I have really enjoyed this journey of discovery working with honeybees for the last four years. Sadly, as some readers may know, I became allergic to bee stings at the end of last Summer. I was stung behind the ear and broke out in hives across my waist. Having a severe reaction in the area of the sting is common but having a reaction in a different part of your body is generally considered anaphylaxis. Since I didn't really want to give up beekeeping, I began allergy shots. I did that for a few months and at the end of December "something" happened. Not positive it was a reaction to the shots or not but lets just say I've been to the doctor(s) more times this year than I have my entire life. To top it all off, we decided to move and we are downsizing significantly by moving to a condo. No room for even half of our stuff, let alone any bee hives! So, now I'm moving on to a new phase of life.
Although I won't directly be keeping bees anymore, I will still be working with them from time to time because my friend Keith has taken the two hives that I had survive the winter. I can still observe and help advise while in my full bee suit, bee gloves, duct taped ankles and armed with my Epi-Pen. We moved the hives to Keith's house this past Sunday and I'm glad to say it went off without a hitch! I have to thank Chris at Show Me The Honey for the idea on how to move the hives. All we did was quickly cut some strips of #8 hardware cloth and staple them over the hive entrance, make a frame out of 2x4s and screw it around the hive, put a few ratchet straps around the hives and we were able to easily move them all the way from the back corner of the property and up to where the trailer was.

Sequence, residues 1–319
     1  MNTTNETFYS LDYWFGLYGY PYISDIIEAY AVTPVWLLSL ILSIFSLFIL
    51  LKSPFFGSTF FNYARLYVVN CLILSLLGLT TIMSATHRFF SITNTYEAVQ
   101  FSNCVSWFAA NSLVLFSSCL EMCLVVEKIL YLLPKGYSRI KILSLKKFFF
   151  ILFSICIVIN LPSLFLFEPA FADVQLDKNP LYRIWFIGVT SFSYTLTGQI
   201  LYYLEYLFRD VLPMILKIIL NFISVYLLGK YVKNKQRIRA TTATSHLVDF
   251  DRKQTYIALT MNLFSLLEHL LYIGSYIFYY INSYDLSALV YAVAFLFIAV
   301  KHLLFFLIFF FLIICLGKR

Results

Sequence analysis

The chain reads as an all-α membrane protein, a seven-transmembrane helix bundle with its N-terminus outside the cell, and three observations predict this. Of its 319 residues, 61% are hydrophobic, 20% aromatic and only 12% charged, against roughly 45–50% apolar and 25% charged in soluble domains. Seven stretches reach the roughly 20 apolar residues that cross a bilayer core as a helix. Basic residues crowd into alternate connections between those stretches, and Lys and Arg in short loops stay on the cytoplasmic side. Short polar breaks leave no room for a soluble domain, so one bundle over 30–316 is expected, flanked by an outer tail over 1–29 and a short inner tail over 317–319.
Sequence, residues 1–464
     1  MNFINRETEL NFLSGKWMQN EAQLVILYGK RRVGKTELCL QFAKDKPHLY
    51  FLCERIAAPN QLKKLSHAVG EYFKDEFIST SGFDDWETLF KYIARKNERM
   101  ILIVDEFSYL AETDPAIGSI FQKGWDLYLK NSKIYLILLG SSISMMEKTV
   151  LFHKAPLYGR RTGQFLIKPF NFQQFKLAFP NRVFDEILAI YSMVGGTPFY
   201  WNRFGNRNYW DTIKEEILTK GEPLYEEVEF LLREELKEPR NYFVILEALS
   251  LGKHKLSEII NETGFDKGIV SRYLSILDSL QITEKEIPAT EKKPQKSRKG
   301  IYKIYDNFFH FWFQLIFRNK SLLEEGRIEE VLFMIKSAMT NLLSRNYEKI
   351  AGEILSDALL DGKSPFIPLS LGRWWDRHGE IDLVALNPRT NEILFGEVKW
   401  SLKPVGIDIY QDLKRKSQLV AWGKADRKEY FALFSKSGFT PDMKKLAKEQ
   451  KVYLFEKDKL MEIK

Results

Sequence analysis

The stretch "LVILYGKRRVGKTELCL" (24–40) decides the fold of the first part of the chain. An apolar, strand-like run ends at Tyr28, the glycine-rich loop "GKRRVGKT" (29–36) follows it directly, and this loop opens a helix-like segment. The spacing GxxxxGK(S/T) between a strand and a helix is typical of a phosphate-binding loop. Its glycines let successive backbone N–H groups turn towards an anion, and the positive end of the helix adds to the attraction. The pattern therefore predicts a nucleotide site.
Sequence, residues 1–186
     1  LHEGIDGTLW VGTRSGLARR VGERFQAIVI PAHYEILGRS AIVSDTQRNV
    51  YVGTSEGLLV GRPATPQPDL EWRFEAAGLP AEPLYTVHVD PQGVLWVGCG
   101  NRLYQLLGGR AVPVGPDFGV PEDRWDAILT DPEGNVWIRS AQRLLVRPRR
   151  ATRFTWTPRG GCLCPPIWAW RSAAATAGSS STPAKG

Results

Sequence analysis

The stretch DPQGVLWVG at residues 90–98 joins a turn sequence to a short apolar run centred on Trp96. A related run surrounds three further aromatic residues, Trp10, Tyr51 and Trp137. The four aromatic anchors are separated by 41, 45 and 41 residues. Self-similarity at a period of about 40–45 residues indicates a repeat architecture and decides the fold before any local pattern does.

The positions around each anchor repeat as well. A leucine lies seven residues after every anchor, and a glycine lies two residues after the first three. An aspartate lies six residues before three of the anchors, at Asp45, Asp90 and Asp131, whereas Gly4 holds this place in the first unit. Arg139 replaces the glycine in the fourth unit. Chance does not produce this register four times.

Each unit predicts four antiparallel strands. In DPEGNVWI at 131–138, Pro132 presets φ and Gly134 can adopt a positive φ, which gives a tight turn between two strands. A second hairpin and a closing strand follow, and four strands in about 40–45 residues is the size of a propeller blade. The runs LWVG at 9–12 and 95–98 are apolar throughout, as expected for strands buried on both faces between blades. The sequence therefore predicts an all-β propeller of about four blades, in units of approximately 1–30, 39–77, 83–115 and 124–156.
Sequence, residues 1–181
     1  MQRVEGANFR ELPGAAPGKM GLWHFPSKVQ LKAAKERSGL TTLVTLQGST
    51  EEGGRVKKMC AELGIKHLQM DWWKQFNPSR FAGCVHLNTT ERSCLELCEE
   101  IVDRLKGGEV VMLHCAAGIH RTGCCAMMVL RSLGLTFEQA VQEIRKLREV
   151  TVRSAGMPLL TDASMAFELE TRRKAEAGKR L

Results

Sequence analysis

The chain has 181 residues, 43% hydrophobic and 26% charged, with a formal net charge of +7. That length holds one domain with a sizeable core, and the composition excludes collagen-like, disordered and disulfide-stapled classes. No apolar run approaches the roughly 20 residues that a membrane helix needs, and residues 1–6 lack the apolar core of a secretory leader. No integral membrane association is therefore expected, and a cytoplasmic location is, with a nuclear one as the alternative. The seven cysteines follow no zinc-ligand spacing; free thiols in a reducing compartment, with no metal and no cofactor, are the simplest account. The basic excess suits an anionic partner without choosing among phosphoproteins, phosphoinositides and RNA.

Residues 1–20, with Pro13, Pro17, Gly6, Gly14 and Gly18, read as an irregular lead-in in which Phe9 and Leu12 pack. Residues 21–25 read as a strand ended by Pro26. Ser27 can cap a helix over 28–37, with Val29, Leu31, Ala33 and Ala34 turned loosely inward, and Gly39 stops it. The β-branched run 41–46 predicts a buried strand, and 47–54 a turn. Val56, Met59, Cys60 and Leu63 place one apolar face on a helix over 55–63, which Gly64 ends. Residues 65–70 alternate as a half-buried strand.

The fact that the temperature was in the mid 40s while we were doing this also helped since the bees weren't even flying by the time we suited up. After we loaded up the hives and the cinder blocks that they were resting on, we strapped them down to the trailer and headed off to Keith's house to deliver the girls to their new home!
We started at 7 PM and we were unloading them right when it was getting dark. We used a small trailer and a lawn tractor to move them to their new location. Much to my chagrin we learned how light the hives really were as we EASILY picked them up by the ratchet straps as we transferred them onto the small trailer. We probably didn't even need the 2x4 frame at all. Oh well, at least it worked well and we didn't drop a hive! I was glad to get a text the next day saying that the girls had already adjusted to their new home and were flying and bringing in stores.
I am very thankful that God gave me the opportunity to experience one of His fantastic and marvelous creations in this way. I hope to share that experience with others and continue to go to the State of Michigan Beekeepers Spring conference with Keith. I think we'd go just for the Michigan State University cafeteria food across the street! =) I also hope to make a post to the blog every now and again as I come across interesting new bee topics. Perhaps someday I'll even have the ability to get back into beekeeping. Who knows what tomorrow may bring? Not sure what else to say in a sappy "goodbye" post except for:
Until next time, thanks for reading!